- Can my family be with me after surgery?
- How long will I stay after my surgery?
- What will happen if I am not well enough to go home?
- May I drive home?
- What if I am not feeling well at home?
- What can I eat when I get home?
- Should I continue my medication?
- How will my pain be managed?
After surgery, some patients will go to a recovery room or directly back to their rooms. We plan to unite you with your family almost immediately after the surgery, if you so choose. Some patients prefer to be alone for a while and that will be honored. Special arrangements are made for children having surgery. Please do not bring siblings to the Surgery Center, if possible.
There is no prescribed time to stay with us after surgery. You will be permitted to go home as soon as we feel it is safe to discharge you. (This may be as short as 10 minutes.) Feel reassured that you will be permitted to stay as long as necessary.
Admissions to a hospital from a day surgery center are very rare. Most admissions are for very minor reasons such as nausea or pain control. If there is a medical reason to keep you overnight, you will be transported to the hospital that both you and your surgeon requests.
Any patient receiving anesthesia should not drive until the next day. A patient receiving sedation for a procedure needs a ride home. The few patients who have procedures performed under local anesthesia alone could possibly drive home.
We would strongly recommend that all patients have a ride home and will be received by a responsible adult when they arrive home. Patients will not be allowed to drive, walk or take public transportation after sedation or anesthesia. Please make the appropriate arrangements.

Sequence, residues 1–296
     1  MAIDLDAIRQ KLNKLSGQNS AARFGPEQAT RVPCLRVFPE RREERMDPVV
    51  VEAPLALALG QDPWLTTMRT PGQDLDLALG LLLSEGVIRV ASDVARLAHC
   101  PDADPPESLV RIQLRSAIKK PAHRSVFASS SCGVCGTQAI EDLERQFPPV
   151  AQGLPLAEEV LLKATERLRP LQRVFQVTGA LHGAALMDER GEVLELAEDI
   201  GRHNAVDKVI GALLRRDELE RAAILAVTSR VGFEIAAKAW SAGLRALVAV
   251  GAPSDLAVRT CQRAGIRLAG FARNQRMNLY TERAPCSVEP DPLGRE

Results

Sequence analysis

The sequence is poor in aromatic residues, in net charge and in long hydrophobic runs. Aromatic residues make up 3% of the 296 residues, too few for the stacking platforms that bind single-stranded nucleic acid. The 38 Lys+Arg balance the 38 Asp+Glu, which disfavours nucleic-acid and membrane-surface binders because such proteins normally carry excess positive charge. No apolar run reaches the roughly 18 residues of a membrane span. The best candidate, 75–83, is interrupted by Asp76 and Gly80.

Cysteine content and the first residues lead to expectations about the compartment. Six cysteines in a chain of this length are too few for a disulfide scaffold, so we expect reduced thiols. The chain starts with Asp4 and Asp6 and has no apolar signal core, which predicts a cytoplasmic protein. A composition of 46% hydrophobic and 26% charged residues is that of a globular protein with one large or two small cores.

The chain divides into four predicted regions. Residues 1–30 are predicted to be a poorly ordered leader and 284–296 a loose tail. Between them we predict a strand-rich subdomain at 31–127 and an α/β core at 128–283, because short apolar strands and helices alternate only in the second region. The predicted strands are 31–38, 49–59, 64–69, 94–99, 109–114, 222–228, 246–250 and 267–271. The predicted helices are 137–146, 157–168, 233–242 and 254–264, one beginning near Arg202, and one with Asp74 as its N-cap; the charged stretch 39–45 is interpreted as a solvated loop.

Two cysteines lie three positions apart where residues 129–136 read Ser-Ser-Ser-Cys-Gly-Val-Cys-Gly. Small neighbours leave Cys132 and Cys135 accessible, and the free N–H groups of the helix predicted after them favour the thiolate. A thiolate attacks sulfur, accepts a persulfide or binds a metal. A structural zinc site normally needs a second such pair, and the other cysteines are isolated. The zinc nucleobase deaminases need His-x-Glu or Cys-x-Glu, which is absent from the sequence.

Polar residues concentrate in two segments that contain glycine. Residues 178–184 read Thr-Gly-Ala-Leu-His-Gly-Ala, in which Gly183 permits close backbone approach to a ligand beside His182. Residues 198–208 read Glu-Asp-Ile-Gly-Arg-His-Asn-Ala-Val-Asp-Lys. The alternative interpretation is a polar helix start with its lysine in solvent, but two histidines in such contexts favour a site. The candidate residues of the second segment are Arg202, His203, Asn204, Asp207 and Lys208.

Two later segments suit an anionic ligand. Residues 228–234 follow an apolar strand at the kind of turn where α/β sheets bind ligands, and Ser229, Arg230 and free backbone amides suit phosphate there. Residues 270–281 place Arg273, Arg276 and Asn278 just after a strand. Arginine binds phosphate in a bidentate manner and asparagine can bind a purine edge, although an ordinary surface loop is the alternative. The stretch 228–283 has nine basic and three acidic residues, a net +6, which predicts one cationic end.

If this seems to be serious, please call 911 immediately or go to the nearest ER otherwise call your surgeon.
Your surgeon may have specific recommendations for your postoperative diet. We generally suggest that you eat lightly after surgery. We strongly encourage you to drink plenty of fluids.
Most patients should continue their usual medications on arriving home. Patients who have diabetes and those patients on blood thinners may require some fine-tuning of their medications. This should be clarified with you before you leave the Center. If you have any doubts please first call your surgeon and then the Surgery Center.
The management of your pain is of great importance to us. We will be assessing your level of pain from the time of admission until you receive our postoperative call at home. We need to inform and prepare you for each step of the process. This education will begin with our first contact. You will be repeatedly asked to rate your pain from a numerical scale called the Visual Analog Pain Scale, or for children, the Faces Pain Scale (see below). Using the results of our communication we will alter the therapy as needed in order to assure your comfort.
The management of your pain will be taken very seriously. We will often use a combination of different modalities to help make you comfortable, choosing from oral medications, intravenous medications, nerve blocks, injection of local anesthetic during the surgery, etc. and prior to the surgery, the management of your pain should be discussed with both your anesthesiologist and surgeon. Please feel free to bring up any concerns or fears you may have. Remember that information on pain management gives you the appropriate expectations and hence a smoother, more comfortable recovery.